C4 Seduction

Also from Issue 77

  • 2010 Lingenfelter Coupe
  • 1966 Convertible
  • Buyer’s Guide: $8K
  • Tech: Ramjet Injection
  • 1971 Big-Block Coupe
  • Peter Brock on Sting Ray Styling
  • Racing: Mid-Ohio
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Without a financial stake in the Corvette, my friend’s assessment was frank and not swayed by the excitement and nervousness a buyer typically feels. Bruce crawled inside and under the car, starting it and letting it idle long enough to ensure the cooling fans kicked on, and then he took it for a test drive. His unbiased inspection report delivered the bad with the good.

First the bad: The Corvette’s steering wheel jiggled on bumps and pulled down and to the left. That was a telltale sign of a worn tilt-steering knuckle. This common problem is usually caused by drivers who use the steering wheel to help hoist themselves out of the car. Other issues included airbag warning lights that wouldn’t go out, a low-coolant light that seemed to stay on longer than it should, a very worn leather shift knob, a couple of minor rock chips in the windshield and some paint chipped off the underside of the left-side headlamp housing. The rear fascia’s finish had faded a bit, too, when compared with the rest of the car, which was likely related to the original paint issue that killed the color in the first place.

Attributes in the Corvette’s favor included essentially brand-new tires and brakes with only a few hundred miles on them—including drilled and slotted brake rotors—and an almost-new clutch. The black leather upholstery, while showing some wear, was still in very good condition, with no splits or major cracks. There were no apparent issues with the dashboard, either. On the test drive, Bruce reported excellent performance from the 245-horsepower L98 Tuned Port Injection engine. The car started, drove and stopped as expected, with no vibrations, noises or unwelcome surprises. It had been fitted with an aftermarket short-throw shifter and aftermarket radio, but the seller would include the originals with the sale of the car.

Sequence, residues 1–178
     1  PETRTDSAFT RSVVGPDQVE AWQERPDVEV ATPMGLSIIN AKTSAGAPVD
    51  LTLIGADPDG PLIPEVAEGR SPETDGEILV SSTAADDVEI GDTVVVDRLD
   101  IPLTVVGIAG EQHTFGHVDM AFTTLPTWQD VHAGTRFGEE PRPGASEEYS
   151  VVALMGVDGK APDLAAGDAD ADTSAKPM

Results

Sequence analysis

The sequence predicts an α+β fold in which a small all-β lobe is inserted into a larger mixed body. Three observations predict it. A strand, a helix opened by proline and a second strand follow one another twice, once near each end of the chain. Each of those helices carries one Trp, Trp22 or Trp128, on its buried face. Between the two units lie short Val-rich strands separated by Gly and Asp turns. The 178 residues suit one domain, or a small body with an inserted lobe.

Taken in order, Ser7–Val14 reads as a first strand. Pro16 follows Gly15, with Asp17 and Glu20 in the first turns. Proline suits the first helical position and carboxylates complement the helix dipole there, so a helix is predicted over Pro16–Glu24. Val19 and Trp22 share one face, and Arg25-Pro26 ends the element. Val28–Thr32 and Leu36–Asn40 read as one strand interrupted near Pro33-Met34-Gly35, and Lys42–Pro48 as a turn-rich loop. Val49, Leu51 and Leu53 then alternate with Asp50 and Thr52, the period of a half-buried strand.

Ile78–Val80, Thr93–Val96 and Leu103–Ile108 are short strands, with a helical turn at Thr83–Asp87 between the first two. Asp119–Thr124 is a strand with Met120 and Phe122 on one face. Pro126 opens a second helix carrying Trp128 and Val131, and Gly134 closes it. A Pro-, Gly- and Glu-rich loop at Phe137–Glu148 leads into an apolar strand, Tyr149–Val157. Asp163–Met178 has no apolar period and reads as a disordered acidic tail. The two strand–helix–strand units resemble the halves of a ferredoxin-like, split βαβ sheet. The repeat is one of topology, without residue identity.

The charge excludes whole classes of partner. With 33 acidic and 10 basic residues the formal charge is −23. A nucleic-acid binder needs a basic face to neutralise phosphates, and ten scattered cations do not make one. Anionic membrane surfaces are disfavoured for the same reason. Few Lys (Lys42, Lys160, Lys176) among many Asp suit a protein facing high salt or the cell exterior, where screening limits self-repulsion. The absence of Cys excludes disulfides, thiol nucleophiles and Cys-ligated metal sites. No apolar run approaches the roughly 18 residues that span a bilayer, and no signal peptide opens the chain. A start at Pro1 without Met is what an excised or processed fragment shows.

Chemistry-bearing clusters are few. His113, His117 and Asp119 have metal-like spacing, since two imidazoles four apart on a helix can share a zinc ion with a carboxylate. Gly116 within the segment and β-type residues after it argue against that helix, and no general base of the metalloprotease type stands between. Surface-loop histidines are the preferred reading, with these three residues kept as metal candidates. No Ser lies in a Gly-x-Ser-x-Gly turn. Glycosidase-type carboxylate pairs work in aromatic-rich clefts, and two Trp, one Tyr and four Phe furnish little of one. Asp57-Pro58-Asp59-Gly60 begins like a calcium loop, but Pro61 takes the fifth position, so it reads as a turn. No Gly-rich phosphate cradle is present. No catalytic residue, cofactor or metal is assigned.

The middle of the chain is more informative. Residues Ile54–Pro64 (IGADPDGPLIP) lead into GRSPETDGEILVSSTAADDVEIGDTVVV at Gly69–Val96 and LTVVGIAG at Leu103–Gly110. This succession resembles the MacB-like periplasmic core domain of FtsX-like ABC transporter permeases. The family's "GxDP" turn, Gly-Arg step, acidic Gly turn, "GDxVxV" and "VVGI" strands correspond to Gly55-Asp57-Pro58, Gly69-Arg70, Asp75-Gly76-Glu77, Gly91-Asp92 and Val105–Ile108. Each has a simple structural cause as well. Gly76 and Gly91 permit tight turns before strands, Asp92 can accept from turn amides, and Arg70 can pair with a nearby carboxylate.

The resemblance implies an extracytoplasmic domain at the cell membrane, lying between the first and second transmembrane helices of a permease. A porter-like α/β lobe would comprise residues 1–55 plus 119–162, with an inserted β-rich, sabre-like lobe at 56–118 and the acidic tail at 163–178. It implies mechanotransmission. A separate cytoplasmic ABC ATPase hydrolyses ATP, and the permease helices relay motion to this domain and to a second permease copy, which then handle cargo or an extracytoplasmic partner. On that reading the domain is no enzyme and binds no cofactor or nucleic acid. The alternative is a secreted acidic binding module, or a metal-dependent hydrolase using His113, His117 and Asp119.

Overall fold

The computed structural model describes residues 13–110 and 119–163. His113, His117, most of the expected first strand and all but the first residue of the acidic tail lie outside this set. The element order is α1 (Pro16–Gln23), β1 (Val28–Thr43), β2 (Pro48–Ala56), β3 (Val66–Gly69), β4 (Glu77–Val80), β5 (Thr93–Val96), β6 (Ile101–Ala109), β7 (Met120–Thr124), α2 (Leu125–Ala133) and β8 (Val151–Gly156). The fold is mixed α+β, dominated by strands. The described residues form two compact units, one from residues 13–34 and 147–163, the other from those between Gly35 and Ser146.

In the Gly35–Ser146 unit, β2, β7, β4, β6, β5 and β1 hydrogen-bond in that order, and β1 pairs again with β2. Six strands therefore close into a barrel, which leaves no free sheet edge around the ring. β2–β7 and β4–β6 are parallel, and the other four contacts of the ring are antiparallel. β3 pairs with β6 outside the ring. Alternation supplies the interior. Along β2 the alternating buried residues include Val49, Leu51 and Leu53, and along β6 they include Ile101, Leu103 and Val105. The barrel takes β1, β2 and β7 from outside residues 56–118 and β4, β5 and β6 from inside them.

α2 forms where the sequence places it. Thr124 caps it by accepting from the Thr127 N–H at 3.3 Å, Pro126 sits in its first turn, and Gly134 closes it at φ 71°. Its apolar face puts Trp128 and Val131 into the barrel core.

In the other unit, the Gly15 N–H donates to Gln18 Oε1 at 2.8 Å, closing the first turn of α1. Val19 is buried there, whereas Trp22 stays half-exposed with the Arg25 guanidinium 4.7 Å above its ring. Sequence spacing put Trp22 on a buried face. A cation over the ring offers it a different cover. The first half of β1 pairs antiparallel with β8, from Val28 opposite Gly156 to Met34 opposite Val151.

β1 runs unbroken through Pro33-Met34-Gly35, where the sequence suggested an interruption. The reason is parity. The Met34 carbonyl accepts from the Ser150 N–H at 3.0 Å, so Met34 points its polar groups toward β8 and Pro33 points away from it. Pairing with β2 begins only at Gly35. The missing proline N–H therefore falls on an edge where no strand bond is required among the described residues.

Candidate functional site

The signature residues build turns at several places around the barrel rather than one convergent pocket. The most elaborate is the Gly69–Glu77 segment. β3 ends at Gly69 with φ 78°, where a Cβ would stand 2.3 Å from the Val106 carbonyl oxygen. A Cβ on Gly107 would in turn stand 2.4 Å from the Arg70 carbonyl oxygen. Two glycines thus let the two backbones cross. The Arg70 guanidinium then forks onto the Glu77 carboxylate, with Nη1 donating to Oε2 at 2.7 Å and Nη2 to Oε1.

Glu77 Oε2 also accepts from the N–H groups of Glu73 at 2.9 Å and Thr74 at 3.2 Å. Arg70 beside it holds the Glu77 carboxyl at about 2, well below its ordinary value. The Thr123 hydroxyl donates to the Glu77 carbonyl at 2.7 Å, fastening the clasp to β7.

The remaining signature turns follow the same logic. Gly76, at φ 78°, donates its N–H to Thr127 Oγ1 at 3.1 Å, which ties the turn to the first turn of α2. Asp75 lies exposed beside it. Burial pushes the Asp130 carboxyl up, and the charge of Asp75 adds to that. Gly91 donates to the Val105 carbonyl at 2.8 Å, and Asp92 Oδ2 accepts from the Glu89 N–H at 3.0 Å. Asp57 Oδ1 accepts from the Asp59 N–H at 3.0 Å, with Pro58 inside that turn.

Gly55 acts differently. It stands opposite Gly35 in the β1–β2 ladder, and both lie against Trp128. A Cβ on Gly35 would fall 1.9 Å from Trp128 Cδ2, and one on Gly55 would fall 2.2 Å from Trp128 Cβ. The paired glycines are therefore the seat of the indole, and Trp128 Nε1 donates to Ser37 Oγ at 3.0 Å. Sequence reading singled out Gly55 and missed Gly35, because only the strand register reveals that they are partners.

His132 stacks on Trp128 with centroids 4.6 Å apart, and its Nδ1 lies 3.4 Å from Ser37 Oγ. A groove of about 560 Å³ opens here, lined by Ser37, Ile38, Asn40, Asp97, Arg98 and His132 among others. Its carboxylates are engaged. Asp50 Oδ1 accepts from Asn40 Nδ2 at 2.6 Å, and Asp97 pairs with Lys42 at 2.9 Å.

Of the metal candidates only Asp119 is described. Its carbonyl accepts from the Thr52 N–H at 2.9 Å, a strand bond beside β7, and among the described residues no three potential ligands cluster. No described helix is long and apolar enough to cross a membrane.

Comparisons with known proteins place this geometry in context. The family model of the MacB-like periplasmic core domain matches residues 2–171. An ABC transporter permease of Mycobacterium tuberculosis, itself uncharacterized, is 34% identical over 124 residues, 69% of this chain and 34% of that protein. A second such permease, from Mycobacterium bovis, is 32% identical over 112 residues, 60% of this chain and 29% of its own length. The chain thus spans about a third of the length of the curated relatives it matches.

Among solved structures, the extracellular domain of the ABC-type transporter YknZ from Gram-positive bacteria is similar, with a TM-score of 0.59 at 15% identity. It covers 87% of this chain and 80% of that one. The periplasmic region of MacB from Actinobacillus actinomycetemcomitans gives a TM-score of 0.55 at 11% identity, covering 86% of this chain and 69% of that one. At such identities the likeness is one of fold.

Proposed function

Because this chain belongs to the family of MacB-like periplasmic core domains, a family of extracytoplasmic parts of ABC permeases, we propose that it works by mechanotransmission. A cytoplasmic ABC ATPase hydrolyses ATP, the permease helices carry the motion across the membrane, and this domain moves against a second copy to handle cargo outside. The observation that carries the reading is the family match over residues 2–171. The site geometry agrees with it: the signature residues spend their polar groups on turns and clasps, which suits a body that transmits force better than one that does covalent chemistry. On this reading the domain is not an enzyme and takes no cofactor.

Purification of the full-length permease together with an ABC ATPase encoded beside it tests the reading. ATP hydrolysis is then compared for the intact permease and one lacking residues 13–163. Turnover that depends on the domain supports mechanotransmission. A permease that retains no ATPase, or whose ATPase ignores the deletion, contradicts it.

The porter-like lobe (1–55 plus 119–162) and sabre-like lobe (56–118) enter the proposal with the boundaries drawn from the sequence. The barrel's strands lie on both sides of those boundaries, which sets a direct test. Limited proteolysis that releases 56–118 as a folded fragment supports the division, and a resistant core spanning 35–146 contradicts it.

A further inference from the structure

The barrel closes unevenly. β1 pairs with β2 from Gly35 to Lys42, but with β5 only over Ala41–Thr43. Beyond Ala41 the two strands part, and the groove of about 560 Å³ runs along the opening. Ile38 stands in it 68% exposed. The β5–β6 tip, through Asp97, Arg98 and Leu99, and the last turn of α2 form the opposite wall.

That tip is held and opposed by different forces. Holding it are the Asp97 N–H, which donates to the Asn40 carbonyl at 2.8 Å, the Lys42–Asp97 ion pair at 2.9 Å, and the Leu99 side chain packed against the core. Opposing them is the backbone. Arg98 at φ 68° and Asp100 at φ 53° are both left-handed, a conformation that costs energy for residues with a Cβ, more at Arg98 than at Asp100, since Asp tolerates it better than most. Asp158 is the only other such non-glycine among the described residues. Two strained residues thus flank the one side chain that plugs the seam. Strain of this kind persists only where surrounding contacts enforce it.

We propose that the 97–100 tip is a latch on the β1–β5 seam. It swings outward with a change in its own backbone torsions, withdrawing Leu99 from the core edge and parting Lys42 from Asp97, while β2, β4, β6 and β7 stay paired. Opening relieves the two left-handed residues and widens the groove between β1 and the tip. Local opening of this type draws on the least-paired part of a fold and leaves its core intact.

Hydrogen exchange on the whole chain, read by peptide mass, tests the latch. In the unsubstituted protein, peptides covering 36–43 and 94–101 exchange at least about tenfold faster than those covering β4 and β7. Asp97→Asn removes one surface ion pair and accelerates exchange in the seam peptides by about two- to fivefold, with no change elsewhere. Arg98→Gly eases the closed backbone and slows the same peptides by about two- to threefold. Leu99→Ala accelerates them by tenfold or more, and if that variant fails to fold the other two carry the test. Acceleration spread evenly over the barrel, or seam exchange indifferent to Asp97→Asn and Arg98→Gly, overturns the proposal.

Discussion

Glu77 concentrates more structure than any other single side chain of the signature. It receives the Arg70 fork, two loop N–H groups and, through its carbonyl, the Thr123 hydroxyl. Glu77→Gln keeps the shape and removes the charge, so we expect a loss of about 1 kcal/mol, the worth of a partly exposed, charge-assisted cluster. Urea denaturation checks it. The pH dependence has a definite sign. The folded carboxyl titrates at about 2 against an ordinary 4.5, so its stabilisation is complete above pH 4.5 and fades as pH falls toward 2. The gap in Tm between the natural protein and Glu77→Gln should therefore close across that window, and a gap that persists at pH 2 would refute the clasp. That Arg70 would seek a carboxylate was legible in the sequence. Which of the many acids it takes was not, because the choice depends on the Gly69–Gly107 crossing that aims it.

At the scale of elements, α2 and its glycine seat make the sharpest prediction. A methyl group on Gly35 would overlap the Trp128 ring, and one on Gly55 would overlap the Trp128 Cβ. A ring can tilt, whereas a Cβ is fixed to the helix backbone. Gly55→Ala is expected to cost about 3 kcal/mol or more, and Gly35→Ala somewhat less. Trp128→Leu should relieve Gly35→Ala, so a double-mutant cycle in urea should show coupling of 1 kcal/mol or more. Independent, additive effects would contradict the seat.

Before proceeding with the purchase, however, I researched the issues Bruce reported. After crunching the numbers, the cost of repairing them seemed reasonable, especially since I could do some of the work myself. I was more swayed by the recent brakes, tires and clutch. All are expensive items on their own, which could add up to several thousand dollars if they needed attention after the purchase, potentially flipping the low price of entry for the C4 on its roof.

Before giving the green light, I performed a CarFax background check on the Corvette. Anyone purchasing a used Corvette should do the same, because even if it doesn’t reveal information contradictory to the seller’s story, it provides a confirmation of it, as well as some inexpensive peace of mind. In this case, the CarFax showed a lot of bouncing back and forth between Washington and Montana, but no reported accidents and mileage commensurate with the odometer’s reading.

Confident in my friend’s assessment and the car’s history, I called the owner to move ahead with the purchase. After a little negotiating we agreed on a price of $6,000. Then I took a leap of faith and mailed a payment to a seller more than 2,000 miles away that I’d never met. I paid via an official bank check; as soon as it cleared at the seller’s bank, he delivered the car and the signed-off title to Bruce’s home in suburban Seattle. In the end, it was an easy and straightforward transaction that went off without a hiccup. Then I made arrangements to fly out and pick up my Corvette.

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